Blood test may be able to predict Alzheimer's
New research published in the journal Alzheimer’s & Dementia suggests that a simple blood test could be able to predict dementia. That would allow reseachers to get people who will develop Alzheimer's into clinical trials for treatment at an earlier stage of the condition.
One of the challenges of treating Alzheimer's is that people don't start showing symptoms until a decade or so after the disease began developing in their brains.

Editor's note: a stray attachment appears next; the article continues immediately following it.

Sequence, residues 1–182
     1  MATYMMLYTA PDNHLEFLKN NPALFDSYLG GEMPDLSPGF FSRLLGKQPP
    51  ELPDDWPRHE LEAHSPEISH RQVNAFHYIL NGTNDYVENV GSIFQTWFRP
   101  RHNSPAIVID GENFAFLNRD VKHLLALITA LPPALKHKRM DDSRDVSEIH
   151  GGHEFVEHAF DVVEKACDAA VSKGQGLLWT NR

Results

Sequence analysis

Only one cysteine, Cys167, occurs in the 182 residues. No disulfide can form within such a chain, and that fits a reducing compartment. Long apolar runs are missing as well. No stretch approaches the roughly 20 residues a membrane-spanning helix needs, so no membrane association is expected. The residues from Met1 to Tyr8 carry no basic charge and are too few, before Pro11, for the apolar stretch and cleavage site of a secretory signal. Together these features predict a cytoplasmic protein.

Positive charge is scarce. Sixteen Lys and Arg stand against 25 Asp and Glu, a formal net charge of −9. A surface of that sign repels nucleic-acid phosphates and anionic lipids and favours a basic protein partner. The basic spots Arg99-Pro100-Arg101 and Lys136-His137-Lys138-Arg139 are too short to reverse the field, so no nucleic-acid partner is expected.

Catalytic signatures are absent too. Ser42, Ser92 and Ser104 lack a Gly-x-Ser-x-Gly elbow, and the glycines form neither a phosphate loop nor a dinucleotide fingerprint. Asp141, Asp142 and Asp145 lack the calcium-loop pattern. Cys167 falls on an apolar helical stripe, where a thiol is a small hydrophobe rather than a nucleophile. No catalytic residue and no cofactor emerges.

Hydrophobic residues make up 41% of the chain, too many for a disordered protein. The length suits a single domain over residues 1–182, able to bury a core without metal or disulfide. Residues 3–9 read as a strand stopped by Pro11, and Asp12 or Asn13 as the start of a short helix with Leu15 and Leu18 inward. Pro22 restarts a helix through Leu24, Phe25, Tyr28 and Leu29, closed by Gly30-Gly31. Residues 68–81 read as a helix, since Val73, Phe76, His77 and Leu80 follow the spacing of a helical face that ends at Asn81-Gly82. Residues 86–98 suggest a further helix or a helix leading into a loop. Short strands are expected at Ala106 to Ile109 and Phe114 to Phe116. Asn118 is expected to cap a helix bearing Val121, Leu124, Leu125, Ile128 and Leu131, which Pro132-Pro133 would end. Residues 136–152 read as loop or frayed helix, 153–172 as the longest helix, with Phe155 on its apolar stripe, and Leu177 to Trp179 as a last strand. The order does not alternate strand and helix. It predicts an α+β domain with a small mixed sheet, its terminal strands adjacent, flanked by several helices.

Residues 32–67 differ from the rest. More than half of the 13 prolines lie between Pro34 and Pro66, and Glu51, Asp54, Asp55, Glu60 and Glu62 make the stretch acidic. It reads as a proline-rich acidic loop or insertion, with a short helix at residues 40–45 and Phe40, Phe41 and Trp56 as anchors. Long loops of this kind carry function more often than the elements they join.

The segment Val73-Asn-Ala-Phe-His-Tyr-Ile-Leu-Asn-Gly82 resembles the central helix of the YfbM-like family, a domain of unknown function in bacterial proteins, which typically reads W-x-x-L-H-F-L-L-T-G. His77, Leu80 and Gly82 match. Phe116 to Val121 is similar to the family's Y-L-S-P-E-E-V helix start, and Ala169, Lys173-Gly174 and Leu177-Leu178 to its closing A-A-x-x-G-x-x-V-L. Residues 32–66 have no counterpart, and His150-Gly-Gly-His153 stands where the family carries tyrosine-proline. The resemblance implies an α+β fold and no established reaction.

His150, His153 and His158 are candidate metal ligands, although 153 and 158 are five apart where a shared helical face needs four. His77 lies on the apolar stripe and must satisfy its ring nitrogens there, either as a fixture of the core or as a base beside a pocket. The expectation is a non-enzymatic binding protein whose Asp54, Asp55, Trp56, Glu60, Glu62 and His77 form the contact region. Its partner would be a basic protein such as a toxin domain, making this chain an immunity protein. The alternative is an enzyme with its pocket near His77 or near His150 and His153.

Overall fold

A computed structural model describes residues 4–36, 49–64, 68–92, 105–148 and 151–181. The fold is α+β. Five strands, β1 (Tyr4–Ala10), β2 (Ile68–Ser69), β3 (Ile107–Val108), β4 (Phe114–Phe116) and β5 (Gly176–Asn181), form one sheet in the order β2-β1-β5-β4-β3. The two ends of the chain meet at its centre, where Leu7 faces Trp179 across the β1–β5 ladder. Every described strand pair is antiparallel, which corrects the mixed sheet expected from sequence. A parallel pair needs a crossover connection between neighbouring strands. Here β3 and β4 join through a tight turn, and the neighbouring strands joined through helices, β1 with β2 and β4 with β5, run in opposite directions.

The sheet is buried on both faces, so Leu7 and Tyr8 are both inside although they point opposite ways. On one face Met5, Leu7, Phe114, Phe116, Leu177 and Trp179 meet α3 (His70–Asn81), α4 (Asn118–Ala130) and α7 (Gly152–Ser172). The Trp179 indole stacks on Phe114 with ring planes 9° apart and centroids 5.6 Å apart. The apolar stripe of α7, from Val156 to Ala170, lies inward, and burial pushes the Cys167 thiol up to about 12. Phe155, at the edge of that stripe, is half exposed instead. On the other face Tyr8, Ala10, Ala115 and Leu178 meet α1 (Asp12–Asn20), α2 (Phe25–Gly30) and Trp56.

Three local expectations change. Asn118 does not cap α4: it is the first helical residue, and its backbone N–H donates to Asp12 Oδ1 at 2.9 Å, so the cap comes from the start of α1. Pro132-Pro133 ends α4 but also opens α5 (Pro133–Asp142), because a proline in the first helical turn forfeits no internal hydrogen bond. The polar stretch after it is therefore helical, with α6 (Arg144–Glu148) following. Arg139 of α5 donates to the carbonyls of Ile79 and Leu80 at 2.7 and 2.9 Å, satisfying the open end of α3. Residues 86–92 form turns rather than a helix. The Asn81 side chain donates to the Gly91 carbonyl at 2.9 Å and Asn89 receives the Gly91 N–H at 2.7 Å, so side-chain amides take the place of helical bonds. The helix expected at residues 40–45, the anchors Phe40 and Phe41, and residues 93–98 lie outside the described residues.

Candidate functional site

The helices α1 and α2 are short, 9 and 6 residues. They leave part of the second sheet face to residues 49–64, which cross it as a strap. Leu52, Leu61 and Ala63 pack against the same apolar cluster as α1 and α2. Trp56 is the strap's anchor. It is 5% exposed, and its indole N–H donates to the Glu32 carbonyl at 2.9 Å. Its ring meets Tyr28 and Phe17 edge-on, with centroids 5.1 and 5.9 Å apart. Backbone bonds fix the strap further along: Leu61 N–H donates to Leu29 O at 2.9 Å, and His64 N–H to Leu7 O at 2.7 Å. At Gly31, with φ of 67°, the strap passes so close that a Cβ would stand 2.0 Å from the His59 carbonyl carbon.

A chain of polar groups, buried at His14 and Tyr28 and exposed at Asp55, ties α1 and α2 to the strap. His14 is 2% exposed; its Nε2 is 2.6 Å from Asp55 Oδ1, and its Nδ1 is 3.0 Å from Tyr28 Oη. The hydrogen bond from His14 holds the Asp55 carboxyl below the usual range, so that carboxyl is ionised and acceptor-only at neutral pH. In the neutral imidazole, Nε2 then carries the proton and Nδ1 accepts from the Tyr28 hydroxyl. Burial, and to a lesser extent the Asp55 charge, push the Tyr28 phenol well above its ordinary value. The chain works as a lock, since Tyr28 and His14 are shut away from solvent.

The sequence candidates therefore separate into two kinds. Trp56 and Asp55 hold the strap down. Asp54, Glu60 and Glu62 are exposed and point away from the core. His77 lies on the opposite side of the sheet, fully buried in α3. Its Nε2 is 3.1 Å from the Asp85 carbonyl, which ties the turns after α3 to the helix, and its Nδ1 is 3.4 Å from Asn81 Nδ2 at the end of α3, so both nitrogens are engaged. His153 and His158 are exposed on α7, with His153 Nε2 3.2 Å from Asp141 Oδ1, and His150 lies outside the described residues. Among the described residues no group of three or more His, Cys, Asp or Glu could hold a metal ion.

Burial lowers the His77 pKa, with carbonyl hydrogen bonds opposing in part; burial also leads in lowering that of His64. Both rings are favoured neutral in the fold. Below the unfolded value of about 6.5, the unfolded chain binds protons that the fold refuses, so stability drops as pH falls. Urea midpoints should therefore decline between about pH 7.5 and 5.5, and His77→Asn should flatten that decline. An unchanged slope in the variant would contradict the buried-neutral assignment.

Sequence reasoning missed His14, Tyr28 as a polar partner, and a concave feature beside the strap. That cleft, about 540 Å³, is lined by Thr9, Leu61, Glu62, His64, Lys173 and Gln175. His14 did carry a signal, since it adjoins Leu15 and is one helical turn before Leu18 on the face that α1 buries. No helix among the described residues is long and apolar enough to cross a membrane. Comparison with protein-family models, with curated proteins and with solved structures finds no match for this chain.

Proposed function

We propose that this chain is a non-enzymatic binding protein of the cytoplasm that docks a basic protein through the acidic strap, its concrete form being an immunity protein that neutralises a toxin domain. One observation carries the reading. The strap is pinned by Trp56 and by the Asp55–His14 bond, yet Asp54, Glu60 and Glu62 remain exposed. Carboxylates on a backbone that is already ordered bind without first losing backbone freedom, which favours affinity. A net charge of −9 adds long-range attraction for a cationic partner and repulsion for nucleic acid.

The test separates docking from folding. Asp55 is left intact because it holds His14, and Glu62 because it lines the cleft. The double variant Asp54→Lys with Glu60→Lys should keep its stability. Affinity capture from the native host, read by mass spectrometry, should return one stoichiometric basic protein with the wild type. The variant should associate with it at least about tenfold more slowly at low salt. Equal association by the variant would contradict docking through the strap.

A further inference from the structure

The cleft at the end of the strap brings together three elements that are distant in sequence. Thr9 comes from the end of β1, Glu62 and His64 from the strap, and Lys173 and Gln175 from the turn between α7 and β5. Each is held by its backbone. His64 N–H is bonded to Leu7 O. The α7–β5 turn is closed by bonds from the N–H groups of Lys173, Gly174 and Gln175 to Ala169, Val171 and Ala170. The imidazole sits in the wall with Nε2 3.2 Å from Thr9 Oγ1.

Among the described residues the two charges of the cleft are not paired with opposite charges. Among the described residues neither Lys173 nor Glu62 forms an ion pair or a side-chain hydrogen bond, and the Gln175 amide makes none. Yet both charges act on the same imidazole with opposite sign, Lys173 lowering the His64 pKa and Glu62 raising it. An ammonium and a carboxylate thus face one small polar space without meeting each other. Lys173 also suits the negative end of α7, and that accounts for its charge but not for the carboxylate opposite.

For the study, researchers looked for differences in the blood of 452 healthy people, 220 with mild cognitive impairment and 476 with Alzheimer's disease. From this group, they were able to determine, with 87 percent accuracy, which patients with mild cognitive impairment would develop Alzheimer's disease within the next year.
The scientists caution that it probably will take several years before such a blood test would be available to doctors. They also point out that people who learn that they're very likely to develop Alzheimer's could suffer undue stress and anxiety.